As Poslovni Dnevnik/Ana Blaskovic writes, if entrepreneurs and business owners could choose anywhere in the world to start up a business, the Croatian capital city of Zagreb would be the 72nd choice of 75 cities. Unimpressive indeed. In a competition of 200 global capitals, Zagreb was shortlisted according to the Index of the Best Cities for Entrepreneurial Success with 52 out of a possible 100 points that measure what a particular place offers for success.
It won’t come as much of a surprise to anyone that business owners would prefer to start a business in the British capital of London, a city which allows for the best factors; from the health of the technological and digital ecosystem, economic freedoms, the availability of human capital, the range of funding to government measures to help during a crisis such as the current pandemic.
Those who would choose the British capital were closely followed by those who chose New York, San Francisco, Sydney. Aside from London, a few other European cities are high on the list, Berlin is 9th place, Paris 12th, and in the top 30 are Munich, Madrid, Amsterdam, Hamburg, Milan, Zurich, Edinburgh and Brussels. Of Croatia’s neighbours, above Zagreb come Ljubljana, Budapest and Bucharest.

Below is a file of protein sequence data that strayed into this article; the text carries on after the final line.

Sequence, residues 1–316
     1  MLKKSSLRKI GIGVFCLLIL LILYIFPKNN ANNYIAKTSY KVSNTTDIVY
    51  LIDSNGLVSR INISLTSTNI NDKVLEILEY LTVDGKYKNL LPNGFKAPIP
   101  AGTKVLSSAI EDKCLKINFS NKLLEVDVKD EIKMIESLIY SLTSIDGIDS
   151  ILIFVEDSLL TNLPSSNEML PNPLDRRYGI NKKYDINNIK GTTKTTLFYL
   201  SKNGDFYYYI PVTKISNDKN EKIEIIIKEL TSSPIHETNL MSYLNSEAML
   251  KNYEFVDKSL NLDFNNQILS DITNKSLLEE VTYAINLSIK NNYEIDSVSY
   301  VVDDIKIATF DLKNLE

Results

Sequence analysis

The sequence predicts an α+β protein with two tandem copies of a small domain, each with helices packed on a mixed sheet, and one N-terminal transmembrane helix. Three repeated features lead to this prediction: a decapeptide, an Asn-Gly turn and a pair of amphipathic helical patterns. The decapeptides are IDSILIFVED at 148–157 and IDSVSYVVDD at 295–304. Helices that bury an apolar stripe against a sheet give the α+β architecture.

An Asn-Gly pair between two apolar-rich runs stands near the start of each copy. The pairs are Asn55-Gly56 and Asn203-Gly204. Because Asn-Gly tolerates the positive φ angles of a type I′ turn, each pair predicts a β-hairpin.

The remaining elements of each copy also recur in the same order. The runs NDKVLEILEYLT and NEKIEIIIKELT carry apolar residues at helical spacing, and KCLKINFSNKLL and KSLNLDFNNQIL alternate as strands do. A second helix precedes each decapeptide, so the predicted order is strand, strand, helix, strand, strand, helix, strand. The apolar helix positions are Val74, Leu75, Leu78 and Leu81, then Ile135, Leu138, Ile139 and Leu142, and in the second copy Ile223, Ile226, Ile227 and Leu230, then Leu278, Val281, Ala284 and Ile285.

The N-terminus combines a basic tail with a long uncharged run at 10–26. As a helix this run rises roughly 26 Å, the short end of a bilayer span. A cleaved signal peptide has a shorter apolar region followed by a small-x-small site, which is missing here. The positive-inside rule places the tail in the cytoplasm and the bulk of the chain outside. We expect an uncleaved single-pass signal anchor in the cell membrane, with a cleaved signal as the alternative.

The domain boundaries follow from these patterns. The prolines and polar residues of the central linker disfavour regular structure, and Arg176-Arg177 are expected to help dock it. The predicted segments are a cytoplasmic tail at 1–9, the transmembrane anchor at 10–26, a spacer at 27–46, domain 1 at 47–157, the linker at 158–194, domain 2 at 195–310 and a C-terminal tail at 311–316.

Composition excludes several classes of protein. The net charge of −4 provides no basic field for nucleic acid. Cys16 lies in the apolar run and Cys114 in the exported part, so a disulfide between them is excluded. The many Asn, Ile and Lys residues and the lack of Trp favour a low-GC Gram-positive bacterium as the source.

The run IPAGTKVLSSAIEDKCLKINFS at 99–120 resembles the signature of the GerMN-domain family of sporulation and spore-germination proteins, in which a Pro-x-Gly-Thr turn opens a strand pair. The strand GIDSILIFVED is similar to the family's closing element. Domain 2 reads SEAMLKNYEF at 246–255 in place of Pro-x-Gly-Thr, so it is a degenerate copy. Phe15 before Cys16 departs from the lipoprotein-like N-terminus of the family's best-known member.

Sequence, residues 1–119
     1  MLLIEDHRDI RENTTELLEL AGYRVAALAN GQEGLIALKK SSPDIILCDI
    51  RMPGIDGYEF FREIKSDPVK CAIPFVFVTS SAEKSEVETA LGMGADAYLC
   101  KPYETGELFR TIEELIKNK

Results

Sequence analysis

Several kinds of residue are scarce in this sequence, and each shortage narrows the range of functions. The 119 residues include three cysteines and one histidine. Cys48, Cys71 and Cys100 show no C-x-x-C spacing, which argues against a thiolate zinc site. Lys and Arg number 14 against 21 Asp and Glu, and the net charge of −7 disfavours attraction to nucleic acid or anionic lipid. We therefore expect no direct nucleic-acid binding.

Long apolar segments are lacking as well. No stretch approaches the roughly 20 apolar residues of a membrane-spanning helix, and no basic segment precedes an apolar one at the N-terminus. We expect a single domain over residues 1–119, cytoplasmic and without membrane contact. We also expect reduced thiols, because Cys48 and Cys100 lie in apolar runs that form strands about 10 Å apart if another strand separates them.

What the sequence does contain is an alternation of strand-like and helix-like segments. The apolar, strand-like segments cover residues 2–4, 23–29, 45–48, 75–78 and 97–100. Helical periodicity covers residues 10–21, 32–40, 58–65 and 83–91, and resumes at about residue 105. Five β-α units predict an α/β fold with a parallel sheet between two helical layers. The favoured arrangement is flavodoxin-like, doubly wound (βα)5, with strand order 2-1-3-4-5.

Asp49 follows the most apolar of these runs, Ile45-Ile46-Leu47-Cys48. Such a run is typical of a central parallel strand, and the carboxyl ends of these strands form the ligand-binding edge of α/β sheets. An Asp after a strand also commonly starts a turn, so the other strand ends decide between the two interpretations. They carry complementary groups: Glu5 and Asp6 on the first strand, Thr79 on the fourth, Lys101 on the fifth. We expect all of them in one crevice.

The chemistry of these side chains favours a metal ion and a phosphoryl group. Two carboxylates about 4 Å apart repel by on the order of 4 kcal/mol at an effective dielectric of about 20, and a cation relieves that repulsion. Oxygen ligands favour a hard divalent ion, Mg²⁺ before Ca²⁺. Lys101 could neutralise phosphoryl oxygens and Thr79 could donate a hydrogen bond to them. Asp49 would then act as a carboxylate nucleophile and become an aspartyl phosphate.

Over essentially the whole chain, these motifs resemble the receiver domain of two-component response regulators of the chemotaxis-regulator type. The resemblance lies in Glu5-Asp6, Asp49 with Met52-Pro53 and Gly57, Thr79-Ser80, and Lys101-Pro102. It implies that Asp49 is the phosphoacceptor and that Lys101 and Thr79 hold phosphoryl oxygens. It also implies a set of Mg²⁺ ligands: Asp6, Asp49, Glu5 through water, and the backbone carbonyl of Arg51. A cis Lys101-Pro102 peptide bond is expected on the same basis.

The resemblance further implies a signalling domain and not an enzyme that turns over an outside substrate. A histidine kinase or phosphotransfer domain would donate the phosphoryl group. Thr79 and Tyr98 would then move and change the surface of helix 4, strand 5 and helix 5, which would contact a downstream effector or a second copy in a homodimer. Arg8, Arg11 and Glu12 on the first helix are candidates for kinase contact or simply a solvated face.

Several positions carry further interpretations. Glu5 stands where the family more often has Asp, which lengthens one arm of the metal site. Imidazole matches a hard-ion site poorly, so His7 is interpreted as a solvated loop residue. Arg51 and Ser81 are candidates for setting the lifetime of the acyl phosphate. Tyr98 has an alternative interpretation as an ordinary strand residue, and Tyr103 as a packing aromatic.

A ranking in which only Lima, Bratislava and Sofia are worse than the Croatian capital should be seen as a concerning and extremely weak reflection of innovation potential, economic strength and the overall entrepreneurial environment. None of that will come as a shock to anyone remotely familiar with doing business in this country.
“The results are significant because entrepreneurs are reducing the volume of business in circumstances like pandemics,” they explained from Oberlo, a platform that allows entrepreneurs to find and sell their products online.The Croatian capital is sadly among the worst in terms of the number of days required start a business (19.5), the record holder is Auckland with a mere half a day. It is best rated in the tax sphere (although the score doesn’t include consumption taxes or VAT).
The list of advantages and obstacles for entrepreneurship reflects known agonies for many, but it can also be a ”check” list for the new government with Tomislav Tomasevic leading Zagreb in order to make it more attractive for entrepreneurs, attract innovation, new jobs and increase the Croatian capital’s revenue.
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